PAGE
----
BMJ open 2018 04 058(4) e021496 doi 10.1136/bmjopen-2018-021496
Obesity and a high-fat diet have been found to be associated with an increased risk of age-related cataract (ARC). Thus, this study aimed to investigate whether serum lipid levels are associated with the incidence of ARC.
Cross-sectional, case-control study.
EyeandENT Hospital of Fudan University, Shanghai, China.
A total of 219 ARC (male=94, female=125) subjects and 218 (male=110, female=118) normal control subjects were recruited in this study.
A detailed eye and systematic examination was performed. Serum high-density lipoprotein cholesterol (HDL-C), low-density lipoprotein cholesterol (LDL-C), triglyceride (TG) and cholesterol (CHO) levels were measured by enzymatic colorimetry, and serum apolipoprotein A (APOA) and apoB (APOB) levels were measured by immunoturbidimetry. The subgroups were classified according to gender and types of disease (cortical, nuclear and posterior subcapsular cataract). Logistic regression analyses were performed to identify the association between serum lipid levels and ARC.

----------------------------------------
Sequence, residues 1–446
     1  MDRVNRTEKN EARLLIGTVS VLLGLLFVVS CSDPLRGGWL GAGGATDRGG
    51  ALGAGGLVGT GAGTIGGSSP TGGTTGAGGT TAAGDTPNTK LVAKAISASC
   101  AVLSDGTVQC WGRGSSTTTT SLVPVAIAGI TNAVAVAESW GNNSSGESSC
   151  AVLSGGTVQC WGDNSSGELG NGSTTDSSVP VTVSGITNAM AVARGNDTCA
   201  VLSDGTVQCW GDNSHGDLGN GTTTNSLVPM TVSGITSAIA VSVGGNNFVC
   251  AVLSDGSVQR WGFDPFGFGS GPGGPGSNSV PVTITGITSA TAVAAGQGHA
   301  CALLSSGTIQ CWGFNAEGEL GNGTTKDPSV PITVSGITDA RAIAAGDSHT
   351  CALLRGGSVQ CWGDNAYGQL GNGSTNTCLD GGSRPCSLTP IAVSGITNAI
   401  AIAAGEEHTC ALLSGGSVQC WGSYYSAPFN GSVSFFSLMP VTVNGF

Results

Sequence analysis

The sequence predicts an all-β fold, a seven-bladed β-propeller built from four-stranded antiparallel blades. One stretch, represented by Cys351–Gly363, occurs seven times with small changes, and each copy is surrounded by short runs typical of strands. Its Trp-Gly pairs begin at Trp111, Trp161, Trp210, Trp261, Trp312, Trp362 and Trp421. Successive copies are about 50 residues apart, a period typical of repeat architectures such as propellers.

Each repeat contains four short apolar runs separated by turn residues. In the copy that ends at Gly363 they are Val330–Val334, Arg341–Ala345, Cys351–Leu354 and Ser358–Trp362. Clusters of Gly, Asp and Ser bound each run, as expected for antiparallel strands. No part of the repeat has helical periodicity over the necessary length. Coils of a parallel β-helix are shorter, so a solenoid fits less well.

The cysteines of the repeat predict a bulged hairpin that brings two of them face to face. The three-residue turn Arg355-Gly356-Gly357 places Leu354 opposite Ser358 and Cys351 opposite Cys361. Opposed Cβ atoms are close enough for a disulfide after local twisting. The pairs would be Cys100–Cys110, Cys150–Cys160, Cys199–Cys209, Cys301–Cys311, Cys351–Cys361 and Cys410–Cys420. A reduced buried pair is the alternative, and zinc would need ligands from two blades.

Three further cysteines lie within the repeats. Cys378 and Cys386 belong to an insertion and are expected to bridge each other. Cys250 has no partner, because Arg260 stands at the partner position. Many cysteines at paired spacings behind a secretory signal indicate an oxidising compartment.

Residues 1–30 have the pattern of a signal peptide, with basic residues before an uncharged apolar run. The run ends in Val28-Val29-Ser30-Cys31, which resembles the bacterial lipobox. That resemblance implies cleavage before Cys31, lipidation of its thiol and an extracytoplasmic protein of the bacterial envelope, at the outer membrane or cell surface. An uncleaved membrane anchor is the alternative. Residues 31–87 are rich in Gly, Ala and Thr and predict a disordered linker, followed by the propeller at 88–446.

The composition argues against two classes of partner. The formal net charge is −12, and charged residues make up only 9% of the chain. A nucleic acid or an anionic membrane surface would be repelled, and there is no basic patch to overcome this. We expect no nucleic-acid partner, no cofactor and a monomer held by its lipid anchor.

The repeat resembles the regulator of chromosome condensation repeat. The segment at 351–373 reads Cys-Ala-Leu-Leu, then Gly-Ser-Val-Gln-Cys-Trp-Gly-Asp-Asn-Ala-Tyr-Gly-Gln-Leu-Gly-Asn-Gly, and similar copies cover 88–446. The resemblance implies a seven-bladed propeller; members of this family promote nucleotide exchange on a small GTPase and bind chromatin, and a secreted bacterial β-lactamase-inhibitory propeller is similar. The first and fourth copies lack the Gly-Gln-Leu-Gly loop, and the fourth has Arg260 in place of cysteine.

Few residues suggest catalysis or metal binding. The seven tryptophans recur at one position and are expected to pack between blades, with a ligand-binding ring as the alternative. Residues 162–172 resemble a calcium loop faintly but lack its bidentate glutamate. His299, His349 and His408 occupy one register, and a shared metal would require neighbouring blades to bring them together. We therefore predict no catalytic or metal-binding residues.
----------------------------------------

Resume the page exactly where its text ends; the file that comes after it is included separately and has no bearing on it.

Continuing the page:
The serum LDL-C, TG, CHO and APOA levels were significantly higher (p<0.05) in the ARC group than in the control group. A similar result was observed when the serum lipid concentrations were compared between the ARC and control groups both in male and female subgroups. A higher proportion of individuals in the ARC group had higher LDL-C, TG, CHO and APOA levels (fold=3.45, 17.37, 3.27 and11.91, respectively; p<0.0001 in all cases) than in the control group. Results of the logistic regression analyses revealed that high LDL-C (ORs=1.897, 95% CI 0.960 to 3.678) and TG (OR=1.854, 95% CI 1.232 to 2.791) were the independent risk factors for ARC. CONCLUSION
The serum LDL-C and TG levels were demonstrated to be independent risk factors for ARC.